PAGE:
Posted July 11, 2009 at 1:51 pm | Permalink

    Regarding your second example (with pharmacist):
    > Should this be allowed?
    The answer is the same as in the first example: it is up to employer.

  35. Alice
    Posted July 11, 2009 at 2:37 pm | Permalink

    If you did that, you’d just be fired. However, the situation your advocating for is like if you nonetheless managed to keep your job somehow, so then the government comes in and forces your employer to fire you even though they don’t want to. Or, in the case of a self-owned deli, the government shuts you down for not adhering to the state conception of what constitutes a deli.

  36. SirGrant
    Posted July 11, 2009 at 2:57 pm | Permalink

    Ok first post at Feministing! Just for the record the first paragraph is a little bit about my background.
    I am a male pharmacy technician for CVS. I have in the past dispensed plan B and will continue to do so in the future unless we run out of stock temporarily (which happens on occasion around holidays). I have no problem morally dispensing plan B and think it is a good thing.
    However to be honest I don’t like that it is being legislated that a pharmacy HAS to dispense something. I think each pharmacy should have freedom to choose if they want to carry something or not. For example if you work for CVS and CVS chooses to carry it I think you should have to dispense it because the company decided that it will and you work for them and you agree to bend to their rules. This goes along with a poster above who said a vegetarian should have to serve meat if they sign onto work as a waiter at a restaurant. I agree if you decide to work for a pharmacy chain that agrees to dispense it you should have to.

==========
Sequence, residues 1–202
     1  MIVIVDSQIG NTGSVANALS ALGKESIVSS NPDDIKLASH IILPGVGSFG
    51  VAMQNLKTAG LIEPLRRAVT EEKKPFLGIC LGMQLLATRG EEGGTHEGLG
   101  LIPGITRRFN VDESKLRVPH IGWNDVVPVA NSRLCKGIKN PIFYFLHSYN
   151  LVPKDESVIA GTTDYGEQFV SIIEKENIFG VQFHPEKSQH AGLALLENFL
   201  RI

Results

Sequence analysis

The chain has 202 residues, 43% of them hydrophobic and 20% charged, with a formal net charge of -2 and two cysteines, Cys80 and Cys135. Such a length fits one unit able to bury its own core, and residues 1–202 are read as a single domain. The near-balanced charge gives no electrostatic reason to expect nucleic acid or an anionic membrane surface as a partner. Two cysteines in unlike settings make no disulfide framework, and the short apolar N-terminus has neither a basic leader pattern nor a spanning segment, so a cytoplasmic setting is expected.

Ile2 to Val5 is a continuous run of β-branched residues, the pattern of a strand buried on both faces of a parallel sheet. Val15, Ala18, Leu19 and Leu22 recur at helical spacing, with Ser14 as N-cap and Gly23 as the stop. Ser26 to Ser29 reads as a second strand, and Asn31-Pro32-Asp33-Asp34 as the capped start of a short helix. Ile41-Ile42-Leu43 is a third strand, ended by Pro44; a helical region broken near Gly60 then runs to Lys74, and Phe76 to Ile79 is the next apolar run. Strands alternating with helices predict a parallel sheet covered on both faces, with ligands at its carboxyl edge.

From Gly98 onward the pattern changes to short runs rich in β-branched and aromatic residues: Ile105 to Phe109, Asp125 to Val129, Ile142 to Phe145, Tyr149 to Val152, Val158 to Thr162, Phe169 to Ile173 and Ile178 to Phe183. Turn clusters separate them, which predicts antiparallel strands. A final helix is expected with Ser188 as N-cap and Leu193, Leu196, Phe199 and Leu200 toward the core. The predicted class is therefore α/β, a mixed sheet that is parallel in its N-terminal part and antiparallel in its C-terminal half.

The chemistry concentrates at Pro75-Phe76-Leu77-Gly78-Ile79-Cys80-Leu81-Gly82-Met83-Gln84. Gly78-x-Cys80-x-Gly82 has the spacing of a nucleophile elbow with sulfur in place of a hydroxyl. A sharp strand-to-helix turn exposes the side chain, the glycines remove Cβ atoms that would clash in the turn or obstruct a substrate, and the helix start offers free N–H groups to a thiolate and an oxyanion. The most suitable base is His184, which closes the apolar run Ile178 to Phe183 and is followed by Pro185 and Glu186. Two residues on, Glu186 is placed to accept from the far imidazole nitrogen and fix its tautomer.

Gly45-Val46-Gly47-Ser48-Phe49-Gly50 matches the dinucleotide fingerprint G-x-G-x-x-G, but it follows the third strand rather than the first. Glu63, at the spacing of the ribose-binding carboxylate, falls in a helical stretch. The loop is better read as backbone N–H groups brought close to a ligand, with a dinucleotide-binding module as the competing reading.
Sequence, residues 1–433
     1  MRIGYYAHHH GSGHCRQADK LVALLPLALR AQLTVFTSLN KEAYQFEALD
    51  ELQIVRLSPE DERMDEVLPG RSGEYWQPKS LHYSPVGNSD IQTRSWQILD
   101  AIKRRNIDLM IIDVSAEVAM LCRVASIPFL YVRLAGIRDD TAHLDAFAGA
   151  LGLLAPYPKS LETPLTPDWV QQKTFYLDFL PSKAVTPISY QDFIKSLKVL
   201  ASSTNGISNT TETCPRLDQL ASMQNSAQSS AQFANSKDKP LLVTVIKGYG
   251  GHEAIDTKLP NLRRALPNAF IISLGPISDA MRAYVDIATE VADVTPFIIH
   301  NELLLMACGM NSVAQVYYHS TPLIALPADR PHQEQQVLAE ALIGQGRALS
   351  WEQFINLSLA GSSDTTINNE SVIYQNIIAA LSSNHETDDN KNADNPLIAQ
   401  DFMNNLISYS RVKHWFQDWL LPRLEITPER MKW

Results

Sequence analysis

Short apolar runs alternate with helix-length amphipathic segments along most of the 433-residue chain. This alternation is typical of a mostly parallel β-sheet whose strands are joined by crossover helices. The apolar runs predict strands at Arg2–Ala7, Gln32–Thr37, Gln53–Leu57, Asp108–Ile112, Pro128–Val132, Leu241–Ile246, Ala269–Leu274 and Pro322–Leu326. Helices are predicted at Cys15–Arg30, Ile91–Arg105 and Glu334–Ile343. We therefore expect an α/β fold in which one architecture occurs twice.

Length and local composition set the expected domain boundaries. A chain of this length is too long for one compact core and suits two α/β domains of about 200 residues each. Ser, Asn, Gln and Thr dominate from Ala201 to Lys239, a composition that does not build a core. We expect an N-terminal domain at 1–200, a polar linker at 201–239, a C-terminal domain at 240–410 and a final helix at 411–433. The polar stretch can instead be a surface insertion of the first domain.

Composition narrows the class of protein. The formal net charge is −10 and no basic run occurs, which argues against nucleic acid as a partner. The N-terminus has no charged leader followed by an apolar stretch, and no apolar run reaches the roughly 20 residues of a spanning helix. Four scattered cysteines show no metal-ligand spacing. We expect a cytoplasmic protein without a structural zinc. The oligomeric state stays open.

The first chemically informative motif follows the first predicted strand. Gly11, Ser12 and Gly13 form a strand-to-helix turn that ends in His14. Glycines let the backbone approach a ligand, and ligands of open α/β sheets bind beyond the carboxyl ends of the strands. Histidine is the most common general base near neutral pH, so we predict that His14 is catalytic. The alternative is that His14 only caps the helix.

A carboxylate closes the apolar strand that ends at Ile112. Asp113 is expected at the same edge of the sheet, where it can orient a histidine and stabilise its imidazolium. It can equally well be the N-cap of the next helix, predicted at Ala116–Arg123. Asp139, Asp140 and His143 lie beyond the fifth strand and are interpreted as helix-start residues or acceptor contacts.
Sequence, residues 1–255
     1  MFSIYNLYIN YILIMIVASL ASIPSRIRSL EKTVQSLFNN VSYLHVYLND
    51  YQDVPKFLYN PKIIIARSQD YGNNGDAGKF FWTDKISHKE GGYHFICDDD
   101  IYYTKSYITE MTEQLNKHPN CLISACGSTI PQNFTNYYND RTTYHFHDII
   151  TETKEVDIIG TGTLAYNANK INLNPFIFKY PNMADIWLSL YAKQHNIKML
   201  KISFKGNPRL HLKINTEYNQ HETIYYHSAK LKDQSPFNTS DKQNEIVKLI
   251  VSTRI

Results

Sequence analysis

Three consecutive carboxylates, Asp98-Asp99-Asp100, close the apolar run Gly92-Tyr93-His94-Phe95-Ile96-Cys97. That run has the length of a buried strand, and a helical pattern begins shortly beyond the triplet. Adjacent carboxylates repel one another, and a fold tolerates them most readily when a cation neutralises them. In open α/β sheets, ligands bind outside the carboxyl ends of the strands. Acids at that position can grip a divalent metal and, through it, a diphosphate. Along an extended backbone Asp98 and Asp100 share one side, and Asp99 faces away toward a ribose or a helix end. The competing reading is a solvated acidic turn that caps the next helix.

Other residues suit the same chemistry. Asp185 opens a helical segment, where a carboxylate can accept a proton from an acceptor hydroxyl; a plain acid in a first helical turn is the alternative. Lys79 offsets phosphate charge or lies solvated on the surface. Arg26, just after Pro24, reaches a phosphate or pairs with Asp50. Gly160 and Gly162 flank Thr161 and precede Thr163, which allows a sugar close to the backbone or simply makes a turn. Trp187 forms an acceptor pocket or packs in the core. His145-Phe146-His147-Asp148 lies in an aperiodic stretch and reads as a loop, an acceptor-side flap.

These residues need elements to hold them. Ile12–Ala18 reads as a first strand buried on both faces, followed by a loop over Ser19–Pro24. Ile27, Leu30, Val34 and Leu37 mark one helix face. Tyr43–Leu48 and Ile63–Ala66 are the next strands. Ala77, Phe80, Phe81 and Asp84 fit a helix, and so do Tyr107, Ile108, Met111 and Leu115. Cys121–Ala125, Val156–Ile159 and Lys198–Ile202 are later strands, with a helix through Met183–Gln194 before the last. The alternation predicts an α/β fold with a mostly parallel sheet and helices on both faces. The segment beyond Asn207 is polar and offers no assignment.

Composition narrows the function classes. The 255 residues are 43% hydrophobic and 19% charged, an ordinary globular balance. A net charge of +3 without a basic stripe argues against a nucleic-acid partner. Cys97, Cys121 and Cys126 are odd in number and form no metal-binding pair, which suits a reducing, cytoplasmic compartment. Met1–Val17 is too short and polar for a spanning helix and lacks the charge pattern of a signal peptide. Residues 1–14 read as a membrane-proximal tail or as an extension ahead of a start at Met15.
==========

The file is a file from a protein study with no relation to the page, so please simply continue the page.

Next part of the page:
My problem comes when someone opens their own business. Say someone opens a privately owned independent pharmacy. If they have a problem with plan B I don’t like the state/federal gov coming in and telling them what they have to dispense. I think that if someone owns their own business they should get to decide what they sell. If they choose not to provide plan B I think that is a stupid decision (economically and ethically) but that is their decision to make as they own the business. I don’t think you should be able to legislate that they have to carry something. I mean going along with the restaurant analogy that would be like telling a vegetarian restaurant that they have to serve meat.
    Again, I am pro planB and will continue to sell it but I think if someone has their own business and don’t want to sell it I think it’s wrong to force them to do so. They should have the freedom to be able to run their business the way they want. You also have the freedom to take your business elsewhere and support a pharmacy that does sell plan B.
    Lastly to sum it all up I keep seeing the vegetarian example being brought up over and over again. I AM a vegetarian in real so I can comment on this. If I signed up to work for a deli I would serve meat. It is what is expected of my employer and they should have a right to fire me for not fulfilling my duties. However if I decide to open my own vegetarian restaurant I don’t think the state should be able to tell me that I have to serve meat because that is how the gov defines a resturaunt as a place that serves meat. I think they have a right to regulate things like food or drug safety but don’t have a right to tell someone what they HAVE to stock and dispense.
    ~Grant

  37. evann
    Posted July 11, 2009 at 3:40 pm | Permalink